Some will say: But Bangladesh cannot afford Netherlands style flood defences. That is precisely why we should support policies that are conducive to economic growth in developing countries. And the best way “to aid” developing countries is to buy their products.

On current trends, by 2050, the people of Bangladesh, who had a GDP per capita of US$1,538 last year, will enjoy levels of prosperity comparable to some south European countries. As such, they will be able, year on year, to invest in better flood defences. In the same way steady investment in sanitation has slashed the number of deaths in Bangladesh from communicable diseases over the last 30 years or so.

As I have been arguing in these pages, what we can’t do is to cut our carbon emissions to zero – even over the 50 years envisaged by the Paris Accord – without drastically reducing our living standards and blighting the chances of people in developing countries of ever getting out of poverty.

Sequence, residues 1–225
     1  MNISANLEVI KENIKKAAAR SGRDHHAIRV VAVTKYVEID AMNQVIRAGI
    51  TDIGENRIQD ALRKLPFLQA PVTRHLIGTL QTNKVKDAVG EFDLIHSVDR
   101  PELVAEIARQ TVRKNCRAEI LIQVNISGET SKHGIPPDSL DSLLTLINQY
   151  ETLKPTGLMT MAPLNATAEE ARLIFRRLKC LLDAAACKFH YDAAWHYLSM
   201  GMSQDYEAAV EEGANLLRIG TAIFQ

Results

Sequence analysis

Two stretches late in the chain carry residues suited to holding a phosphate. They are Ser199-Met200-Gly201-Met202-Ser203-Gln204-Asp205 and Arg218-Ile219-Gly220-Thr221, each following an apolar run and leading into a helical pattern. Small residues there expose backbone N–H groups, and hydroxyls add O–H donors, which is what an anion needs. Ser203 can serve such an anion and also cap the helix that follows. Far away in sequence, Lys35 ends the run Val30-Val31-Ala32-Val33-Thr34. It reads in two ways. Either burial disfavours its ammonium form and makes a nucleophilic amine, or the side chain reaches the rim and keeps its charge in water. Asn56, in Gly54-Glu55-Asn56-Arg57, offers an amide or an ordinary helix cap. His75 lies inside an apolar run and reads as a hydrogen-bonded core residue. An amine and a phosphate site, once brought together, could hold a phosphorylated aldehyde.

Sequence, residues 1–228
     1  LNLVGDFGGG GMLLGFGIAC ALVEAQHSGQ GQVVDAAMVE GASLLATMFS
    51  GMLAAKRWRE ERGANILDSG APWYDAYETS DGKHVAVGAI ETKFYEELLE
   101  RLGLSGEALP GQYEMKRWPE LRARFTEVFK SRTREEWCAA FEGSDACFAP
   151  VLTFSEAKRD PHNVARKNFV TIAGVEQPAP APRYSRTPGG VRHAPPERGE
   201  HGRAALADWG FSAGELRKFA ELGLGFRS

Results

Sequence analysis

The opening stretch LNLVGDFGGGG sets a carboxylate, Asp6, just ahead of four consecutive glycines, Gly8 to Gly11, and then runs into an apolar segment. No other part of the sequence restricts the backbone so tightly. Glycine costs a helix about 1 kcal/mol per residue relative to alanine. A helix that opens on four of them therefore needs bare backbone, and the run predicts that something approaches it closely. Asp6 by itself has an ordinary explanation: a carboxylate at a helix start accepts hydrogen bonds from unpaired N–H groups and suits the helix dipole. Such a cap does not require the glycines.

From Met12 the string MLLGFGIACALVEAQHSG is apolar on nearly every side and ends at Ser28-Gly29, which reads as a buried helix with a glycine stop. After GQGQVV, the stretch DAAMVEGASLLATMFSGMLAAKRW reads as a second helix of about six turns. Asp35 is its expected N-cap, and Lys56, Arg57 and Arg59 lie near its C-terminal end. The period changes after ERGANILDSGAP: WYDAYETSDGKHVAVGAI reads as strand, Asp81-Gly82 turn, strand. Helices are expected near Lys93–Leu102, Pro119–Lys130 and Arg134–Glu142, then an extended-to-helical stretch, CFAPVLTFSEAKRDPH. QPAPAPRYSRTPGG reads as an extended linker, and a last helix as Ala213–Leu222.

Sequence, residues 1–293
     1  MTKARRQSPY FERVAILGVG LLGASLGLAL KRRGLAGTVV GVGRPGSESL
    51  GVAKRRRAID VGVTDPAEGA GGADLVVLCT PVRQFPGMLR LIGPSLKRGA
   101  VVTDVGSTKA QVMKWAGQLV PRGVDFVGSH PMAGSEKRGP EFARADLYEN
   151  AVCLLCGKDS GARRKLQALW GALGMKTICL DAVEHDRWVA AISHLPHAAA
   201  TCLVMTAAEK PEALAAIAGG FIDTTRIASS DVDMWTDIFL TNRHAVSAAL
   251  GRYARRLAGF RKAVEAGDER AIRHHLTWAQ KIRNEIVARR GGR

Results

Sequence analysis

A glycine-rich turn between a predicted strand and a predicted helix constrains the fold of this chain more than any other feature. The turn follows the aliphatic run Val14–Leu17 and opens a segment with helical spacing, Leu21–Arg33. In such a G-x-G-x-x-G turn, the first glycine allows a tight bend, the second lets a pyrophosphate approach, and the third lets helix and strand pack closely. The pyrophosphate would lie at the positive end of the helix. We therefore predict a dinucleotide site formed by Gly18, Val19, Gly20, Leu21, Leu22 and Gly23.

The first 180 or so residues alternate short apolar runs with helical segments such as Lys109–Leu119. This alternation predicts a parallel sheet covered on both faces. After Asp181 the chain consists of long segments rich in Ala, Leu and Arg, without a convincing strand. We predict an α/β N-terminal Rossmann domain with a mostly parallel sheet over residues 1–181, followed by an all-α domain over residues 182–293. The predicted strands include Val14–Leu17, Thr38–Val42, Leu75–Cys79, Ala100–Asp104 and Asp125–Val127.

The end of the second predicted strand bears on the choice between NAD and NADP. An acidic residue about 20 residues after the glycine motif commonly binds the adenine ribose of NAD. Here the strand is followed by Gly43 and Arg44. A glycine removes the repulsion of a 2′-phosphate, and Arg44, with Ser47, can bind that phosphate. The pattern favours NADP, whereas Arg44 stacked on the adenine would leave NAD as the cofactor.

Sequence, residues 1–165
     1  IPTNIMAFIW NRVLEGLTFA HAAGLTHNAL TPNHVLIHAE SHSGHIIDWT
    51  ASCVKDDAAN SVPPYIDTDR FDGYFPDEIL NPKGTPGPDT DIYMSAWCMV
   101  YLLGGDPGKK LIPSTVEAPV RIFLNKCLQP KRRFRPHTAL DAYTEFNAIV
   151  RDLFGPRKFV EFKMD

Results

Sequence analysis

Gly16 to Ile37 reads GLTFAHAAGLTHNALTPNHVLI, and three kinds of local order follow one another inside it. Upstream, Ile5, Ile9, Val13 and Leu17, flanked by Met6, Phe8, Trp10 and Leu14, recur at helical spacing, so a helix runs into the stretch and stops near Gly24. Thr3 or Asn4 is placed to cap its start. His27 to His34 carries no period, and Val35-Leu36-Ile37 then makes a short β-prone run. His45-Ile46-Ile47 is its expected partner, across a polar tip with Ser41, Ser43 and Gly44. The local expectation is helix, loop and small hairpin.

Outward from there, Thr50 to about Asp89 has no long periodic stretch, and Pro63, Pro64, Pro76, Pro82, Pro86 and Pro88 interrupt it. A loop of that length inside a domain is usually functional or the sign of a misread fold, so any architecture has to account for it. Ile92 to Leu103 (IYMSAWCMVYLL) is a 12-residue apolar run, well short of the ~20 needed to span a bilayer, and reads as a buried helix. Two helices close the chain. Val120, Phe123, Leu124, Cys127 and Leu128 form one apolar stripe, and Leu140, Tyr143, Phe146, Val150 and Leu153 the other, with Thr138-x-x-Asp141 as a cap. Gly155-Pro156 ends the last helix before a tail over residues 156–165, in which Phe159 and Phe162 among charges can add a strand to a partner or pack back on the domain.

There is no need to panic. The most important message from Harvey, Irma and the south Asian monsoon is that we must not allow extreme natural events to turn into man-made disasters.

[i] For statistical theorists, Benoit B Mandelbrot’s ideas about market behaviour set out in his classic book The Misbehaviour of Markets (2005) drew extensively on the work of the early 20th Century English hydrologist, Harold Edwin Hurst. Hurst spent most of his career studying Nile floods. Mandelbrot’s ideas have greatly influenced Nassim Nicholas Taleb (The Black Swan etc.).